Public policy dogs

Public policy dogs

The dog days of summer have arrived. And with them, a few matters of public policy that are barking up the wrong tree.

Thinking people know public policy obscenity when they see it. And make no mistake, the words of Allegheny County’s first assistant solicitor are just that.

During a Common Pleas Court hearing Thursday on the county’s continuing attempts to keep private the public’s business (and using tax dollars to do it), George Janocsko regurgitated the indefensible claim that the region’s bid for Amazon’s new headquarters involves proprietary matters.

Among those he cited were real estate appraisals and “trade secrets.”

Then, as the Post-Gazette reports it, he argued that the potential benefit of the Amazon headquarters to the region outweighs the “instant gratification” of making the proposal public now.

Transparency and public accountability in government affairs serve no purpose other than to sate the public’s desire for “instant gratification”?

How dare he.

Such unbridled arrogance has no place in public policy. And those who harbor such contempt for the people they are charged with representing only misrepresent sound public policy and disserve public purpose.

There’s word from the Allegheny County Airport Authority that Southwest Airlines will cut one of two daily nonstop flights to Los Angeles out of Pittsburgh International Airport.

The airline cites a “seasonal reduction in service to match customer demand.”

Which prompted authority spokesman Bob Kerlik to note that officials are working with Southwest “in seeing the daily flight return as the West Coast continues to be an important target for us.”

Uh-oh. That sounds as if the authority is ready once again to (as it has so many times before) pervert the market that Southwest has responded to by reducing service with – drum roll, please – public subsidies, does it not?

Then there’s word that the Pennsylvania Department of Community and Economic Development (DCED) has allocated more than $10 million in tax credits to the producers of a forthcoming film on Fred Rogers of “Mister Rogers” fame.

Never mind that study after study has panned such Hollywood wealthfare – for everything from these tax credits being sold to third parties, to dubious claims of job-creation, to multiplier effects, to questionable oversight by DCED.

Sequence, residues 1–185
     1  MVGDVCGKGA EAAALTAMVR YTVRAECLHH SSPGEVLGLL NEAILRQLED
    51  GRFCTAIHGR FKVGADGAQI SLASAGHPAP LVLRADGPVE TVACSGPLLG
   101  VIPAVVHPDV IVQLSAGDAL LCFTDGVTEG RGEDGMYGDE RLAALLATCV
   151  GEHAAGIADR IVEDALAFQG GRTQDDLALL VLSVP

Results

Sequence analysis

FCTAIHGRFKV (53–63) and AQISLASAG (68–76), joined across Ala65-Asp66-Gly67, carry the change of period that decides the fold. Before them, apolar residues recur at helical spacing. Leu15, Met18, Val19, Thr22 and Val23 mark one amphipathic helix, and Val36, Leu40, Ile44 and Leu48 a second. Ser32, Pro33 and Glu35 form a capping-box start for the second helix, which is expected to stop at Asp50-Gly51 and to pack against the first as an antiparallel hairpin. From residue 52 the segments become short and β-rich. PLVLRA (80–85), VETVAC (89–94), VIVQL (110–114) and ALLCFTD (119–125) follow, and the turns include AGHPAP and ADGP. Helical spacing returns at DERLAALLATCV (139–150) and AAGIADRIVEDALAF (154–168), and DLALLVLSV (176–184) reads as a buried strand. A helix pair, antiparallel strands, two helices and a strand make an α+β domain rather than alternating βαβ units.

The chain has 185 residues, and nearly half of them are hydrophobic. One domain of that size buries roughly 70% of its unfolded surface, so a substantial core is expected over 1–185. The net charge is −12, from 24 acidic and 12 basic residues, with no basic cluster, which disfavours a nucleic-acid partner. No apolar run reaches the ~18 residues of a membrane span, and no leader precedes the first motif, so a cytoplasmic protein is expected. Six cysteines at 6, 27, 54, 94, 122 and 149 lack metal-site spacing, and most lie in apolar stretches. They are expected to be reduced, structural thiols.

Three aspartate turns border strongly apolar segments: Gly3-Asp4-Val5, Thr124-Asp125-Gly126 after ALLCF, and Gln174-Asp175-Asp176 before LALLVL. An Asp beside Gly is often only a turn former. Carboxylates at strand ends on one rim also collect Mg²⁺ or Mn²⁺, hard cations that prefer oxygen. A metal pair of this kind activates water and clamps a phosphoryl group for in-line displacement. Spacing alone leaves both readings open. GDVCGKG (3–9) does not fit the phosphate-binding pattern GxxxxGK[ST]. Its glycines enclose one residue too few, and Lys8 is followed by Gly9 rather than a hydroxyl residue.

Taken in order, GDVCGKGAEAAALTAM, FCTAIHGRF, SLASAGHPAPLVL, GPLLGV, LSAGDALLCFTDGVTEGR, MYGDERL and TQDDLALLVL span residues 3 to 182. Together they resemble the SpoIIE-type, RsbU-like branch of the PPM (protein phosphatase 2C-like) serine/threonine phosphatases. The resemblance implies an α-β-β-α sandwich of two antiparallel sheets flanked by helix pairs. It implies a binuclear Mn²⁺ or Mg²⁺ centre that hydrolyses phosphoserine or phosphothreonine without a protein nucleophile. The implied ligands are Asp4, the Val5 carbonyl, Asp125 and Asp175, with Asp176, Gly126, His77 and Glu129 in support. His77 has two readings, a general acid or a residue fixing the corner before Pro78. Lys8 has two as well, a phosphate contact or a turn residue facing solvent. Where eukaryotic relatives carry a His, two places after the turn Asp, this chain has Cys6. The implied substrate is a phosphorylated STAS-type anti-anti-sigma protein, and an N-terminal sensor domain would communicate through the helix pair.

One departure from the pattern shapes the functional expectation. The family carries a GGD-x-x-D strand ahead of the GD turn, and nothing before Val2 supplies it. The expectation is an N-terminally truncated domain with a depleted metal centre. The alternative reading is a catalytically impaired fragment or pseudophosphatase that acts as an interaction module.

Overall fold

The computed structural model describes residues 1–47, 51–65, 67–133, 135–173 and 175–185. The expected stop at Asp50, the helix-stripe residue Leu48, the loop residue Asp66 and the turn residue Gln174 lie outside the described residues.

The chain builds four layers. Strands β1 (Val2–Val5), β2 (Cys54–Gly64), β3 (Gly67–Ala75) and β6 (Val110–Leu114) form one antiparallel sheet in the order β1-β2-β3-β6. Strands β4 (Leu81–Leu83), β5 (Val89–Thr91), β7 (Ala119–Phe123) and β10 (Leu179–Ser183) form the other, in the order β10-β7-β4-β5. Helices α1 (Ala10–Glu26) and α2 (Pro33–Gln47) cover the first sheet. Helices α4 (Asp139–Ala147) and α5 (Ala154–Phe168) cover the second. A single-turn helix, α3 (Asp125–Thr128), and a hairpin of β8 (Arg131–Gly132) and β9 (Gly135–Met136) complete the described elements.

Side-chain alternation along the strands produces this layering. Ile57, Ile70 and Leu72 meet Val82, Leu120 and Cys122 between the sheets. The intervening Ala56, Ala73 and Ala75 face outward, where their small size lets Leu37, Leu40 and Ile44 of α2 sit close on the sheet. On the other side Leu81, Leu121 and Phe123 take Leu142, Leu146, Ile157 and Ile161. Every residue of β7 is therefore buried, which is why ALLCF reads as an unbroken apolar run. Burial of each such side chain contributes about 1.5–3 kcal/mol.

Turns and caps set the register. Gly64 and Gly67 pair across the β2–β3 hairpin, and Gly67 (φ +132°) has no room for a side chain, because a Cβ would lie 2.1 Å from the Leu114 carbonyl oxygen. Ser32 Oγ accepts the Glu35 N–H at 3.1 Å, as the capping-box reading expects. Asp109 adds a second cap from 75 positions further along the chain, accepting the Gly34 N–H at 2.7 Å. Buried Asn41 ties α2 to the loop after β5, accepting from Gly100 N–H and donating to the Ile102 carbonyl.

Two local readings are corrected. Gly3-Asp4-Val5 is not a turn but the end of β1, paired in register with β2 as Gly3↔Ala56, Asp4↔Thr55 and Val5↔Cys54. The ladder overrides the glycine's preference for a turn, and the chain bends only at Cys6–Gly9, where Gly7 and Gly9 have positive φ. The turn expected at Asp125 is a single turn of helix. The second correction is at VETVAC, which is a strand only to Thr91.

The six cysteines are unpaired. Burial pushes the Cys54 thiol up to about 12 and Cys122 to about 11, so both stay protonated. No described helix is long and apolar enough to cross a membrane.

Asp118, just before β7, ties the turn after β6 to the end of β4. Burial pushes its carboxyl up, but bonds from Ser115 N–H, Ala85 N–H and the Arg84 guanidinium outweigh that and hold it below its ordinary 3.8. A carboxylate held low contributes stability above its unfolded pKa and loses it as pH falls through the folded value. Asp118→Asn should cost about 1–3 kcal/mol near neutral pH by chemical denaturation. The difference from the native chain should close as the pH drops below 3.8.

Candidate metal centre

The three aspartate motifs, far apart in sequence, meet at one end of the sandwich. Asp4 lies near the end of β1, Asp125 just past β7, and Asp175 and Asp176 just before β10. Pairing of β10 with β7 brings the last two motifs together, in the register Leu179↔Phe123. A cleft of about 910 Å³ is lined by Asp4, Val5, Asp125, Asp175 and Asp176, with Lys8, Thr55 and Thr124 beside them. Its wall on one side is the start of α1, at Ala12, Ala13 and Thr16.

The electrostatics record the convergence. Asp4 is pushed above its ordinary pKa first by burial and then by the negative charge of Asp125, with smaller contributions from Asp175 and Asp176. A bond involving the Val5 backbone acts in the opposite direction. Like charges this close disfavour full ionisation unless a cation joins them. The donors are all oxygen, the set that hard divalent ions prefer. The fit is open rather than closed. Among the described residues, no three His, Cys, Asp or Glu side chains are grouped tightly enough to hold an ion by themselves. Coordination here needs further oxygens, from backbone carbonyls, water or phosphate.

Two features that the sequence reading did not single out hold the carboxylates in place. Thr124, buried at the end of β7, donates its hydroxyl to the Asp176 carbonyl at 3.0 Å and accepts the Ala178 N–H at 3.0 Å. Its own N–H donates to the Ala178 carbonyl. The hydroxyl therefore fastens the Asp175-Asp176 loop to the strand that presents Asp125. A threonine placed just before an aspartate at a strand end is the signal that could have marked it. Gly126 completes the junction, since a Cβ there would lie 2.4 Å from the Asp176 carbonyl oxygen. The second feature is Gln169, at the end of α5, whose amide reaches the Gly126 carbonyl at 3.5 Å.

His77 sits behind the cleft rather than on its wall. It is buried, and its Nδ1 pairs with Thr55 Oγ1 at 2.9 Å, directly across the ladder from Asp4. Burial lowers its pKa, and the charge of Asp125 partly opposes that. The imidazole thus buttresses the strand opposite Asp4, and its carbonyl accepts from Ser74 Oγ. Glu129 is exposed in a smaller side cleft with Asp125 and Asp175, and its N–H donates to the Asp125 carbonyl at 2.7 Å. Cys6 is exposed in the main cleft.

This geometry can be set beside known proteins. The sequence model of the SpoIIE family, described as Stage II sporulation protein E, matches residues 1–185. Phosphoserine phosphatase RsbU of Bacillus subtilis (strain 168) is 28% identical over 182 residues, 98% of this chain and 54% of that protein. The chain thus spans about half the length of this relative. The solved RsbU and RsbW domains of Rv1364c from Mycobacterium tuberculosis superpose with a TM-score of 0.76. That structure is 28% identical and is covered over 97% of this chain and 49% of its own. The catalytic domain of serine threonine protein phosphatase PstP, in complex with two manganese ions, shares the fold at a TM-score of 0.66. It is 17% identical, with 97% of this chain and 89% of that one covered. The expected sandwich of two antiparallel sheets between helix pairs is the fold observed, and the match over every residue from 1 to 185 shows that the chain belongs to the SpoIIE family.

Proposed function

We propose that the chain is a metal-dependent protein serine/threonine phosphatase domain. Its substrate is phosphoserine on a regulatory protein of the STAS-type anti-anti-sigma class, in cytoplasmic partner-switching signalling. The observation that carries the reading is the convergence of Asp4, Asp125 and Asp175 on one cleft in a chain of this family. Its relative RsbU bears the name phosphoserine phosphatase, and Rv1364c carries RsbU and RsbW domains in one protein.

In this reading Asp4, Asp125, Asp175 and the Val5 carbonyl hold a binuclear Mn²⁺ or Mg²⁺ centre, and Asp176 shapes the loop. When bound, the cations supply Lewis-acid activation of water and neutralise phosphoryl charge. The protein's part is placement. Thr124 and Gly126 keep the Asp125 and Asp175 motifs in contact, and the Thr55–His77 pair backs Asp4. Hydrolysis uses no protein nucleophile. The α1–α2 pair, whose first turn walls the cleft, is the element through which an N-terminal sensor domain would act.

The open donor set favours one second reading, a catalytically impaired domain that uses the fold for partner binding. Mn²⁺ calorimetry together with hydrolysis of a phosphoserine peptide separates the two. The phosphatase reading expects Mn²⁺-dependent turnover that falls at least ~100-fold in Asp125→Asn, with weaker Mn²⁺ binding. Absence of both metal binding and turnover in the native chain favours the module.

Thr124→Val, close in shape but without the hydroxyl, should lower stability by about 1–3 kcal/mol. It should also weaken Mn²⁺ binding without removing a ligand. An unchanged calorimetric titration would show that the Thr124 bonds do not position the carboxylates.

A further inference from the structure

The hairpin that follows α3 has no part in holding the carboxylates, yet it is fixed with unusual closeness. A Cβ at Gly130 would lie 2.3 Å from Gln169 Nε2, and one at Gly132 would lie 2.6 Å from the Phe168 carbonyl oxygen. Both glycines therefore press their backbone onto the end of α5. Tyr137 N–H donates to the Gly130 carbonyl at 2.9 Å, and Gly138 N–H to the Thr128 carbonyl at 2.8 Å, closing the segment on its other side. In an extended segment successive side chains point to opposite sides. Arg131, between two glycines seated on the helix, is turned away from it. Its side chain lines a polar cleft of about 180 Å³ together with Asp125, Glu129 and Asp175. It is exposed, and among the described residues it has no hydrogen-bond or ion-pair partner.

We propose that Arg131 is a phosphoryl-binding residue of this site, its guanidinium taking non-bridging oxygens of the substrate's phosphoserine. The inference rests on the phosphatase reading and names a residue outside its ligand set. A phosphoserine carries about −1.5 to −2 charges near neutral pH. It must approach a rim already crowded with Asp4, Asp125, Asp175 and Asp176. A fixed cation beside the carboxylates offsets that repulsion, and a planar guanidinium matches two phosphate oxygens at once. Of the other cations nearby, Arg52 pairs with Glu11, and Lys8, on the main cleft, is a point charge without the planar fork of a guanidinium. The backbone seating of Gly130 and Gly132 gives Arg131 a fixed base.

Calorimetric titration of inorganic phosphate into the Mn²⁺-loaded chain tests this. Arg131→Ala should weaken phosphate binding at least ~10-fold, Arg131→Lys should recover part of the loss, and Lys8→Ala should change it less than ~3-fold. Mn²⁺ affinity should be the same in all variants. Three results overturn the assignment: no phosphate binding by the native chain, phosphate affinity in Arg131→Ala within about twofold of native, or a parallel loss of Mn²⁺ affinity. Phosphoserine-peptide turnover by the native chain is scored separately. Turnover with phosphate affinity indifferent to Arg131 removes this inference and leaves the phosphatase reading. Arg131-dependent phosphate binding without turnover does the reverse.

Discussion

As a matter of public policy, film tax credits are about as mangy as it gets.

The Pittsburgh Pirates are demanding a cut of the commonwealth’s take from newly U.S. Supreme Court-authorized sports betting.

After all, the already heavily publicly subsidized National League franchise argues, but for sports teams there would not be sports betting. The Buccos want a slice of the pie to help pay for PNC Park improvements.

But rather than seeking more public money, the Pirates might want to consider fielding a winning team that generates higher attendance that leads to higher income.

While that might be a novel concept to those who constantly seek to belly up to the bar of public subsidies, it’s not to a public long weary of professional barons of sport believing, with stunning hubris, that they deserve special alms simply because they exist.

Such incessant barking is unbecoming.

Certainly the summer heat got to the top dog at Pennsylvania American Water Co.

Utility president Jeffrey McIntyre told the Post-Gazette that it could limit sticker shock to customers of the badly ailing Pittsburgh Water and Sewer Authority (PWSA) by taking over the system and spreading the cost of fixing it statewide among its 722,000 customers.

Good grief.

Why should Pennsylvania American customers everywhere pay for decades of nonfeasance and political machinations that led the Pittsburgh system to the brink of disaster?

Simply put, they should not. And the state Public Utility Commission should take serious umbrage to such a mindset.

What’s next, some public policy guru taking off on this concept and pining anew for “regional tax base sharing?” Of course, that’s a dog that won’t hunt.

Colin McNickle is a senior fellow and media specialist at the Allegheny Institute for Public Policy (